# Estimate Interval of Validity of $1-\frac{x^2}{2}$ for $\cos(x)$

I have been struggling with the following problem and was wondering if anyone could provide some insight or suggestions:

Use $1-\frac{x^2}{2}$ as an approximation to $\cos(x)$, with an error not greater than 0.0001. Estimate over what interval this will be valid.

My attempts:

I tried to use the Remainder term in the Taylor approximation as follows: $R_n(x)= \frac{f^{(n+1)}(c)}{(n+1)!}(x-a)^{(n+1)}$, where $c$ is between $a$ and $x$. I used $n=2$ since we are given two terms in the Taylor expansion of $\cos(x)$. Taking the 3rd derivative and applying the formula, I obtain $\frac{\sin(c)}{3!}(x-0)^3$. Here is where I am stuck. I am not sure if I should use this result along with the desired tolerance or if I am still missing something to determine the interval. Also, I think that $| \cos(x)|<1$ would apply somewhere.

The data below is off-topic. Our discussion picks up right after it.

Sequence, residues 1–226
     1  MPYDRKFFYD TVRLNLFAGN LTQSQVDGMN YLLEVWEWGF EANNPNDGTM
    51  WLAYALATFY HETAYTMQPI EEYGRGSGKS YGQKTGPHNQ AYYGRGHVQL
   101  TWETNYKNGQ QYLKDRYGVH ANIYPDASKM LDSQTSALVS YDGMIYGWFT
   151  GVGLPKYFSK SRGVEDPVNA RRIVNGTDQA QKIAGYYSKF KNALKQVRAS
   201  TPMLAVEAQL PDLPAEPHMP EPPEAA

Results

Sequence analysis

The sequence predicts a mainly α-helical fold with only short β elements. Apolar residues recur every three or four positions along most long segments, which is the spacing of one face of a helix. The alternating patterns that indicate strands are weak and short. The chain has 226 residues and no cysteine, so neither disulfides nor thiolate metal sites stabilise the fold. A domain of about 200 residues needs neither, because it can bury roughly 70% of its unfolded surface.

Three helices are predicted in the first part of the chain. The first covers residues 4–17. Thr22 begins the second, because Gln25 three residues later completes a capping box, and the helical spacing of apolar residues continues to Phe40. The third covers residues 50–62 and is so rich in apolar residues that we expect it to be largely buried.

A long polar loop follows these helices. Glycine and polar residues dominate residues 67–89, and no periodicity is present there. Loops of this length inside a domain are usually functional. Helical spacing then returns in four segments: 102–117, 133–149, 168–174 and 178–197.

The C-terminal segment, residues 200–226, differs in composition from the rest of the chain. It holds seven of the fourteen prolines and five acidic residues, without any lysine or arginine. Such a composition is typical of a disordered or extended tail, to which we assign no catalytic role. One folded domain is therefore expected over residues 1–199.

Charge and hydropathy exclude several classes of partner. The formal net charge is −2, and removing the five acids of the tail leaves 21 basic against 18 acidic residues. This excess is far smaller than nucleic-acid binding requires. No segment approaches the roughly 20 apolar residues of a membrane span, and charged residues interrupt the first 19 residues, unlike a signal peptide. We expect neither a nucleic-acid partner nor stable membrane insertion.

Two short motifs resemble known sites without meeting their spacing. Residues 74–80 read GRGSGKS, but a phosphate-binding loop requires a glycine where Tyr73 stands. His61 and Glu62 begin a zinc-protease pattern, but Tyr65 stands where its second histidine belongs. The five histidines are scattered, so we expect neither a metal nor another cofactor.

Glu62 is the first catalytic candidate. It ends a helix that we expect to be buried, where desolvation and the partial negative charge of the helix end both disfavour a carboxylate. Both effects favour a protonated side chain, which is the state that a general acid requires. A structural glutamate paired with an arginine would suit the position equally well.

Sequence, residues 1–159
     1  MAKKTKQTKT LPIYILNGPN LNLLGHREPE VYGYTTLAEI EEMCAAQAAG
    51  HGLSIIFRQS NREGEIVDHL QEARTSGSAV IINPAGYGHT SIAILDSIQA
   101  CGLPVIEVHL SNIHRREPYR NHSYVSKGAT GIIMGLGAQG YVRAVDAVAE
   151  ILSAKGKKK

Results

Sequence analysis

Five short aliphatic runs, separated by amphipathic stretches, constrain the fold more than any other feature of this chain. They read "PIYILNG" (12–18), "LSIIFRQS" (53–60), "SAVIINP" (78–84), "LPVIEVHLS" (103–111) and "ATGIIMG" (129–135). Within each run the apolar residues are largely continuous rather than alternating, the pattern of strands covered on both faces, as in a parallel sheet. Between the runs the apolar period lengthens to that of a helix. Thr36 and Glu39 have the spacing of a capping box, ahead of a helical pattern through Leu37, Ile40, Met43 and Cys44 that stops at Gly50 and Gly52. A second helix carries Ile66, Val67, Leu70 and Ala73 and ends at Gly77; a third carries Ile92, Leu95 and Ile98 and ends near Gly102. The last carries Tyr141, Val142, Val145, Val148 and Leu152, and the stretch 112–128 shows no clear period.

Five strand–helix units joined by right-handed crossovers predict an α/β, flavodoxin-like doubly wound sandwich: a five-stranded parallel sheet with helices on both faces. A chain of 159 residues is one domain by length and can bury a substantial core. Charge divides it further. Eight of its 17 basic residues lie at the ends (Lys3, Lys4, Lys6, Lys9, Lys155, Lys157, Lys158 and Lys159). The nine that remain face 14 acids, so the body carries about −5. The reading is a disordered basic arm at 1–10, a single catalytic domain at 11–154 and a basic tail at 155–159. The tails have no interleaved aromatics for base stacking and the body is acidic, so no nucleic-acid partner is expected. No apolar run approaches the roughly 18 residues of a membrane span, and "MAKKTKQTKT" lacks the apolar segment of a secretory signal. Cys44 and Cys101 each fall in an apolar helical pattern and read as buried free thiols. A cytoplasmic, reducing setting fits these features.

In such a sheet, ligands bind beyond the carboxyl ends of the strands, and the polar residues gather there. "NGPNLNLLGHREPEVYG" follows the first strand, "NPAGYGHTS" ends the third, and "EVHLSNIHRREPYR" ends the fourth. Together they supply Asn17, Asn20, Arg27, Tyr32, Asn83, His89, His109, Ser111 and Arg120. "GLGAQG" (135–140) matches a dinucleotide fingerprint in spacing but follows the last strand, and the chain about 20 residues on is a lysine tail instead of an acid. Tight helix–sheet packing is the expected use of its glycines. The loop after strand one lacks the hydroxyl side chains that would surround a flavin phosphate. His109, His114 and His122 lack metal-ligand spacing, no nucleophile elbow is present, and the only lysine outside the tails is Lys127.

Thank you very much for any advice/suggestions. I am using the textbook Introduction to Analysis by Arthur Mattuck.

The Taylor Series for $\cos x$ is $\sum_{n=0}^\infty (-1)^n\frac{x^{2n}}{(2n)!}$. You want the difference between this and $1-\frac{x^2}{2!}$ to be $<10^{-4}$. Then, for an estimate, just use the next term in the expansion: $$\frac{x^4}{4!}=10^{-4}\Rightarrow x=\pm\sqrt[4]{2.4\times 10^{-3}}\approx .221336$$ Note that the next term, $\frac{x^6}{6!}\approx 1.633\times 10^{-7}$, is negligible.
Since the Taylor polynomial of $\cos x$ has a null third term, you may as well use a fourth degree remainder. Then from $|\cos\xi|\leqslant 1$ you get that $|R_{4,0}(x)|\leqslant \dfrac{x^{4}}{4!}$. Then you want that $$\dfrac{x^{4}}{4!}\leqslant 10^{-4}$$ or $$x^4\leqslant 0.0024$$ Thus $|x|\leqslant 0.22(133638394...)$. Here's a plot to confirm the estimation:
$\hspace{0.5 cm}$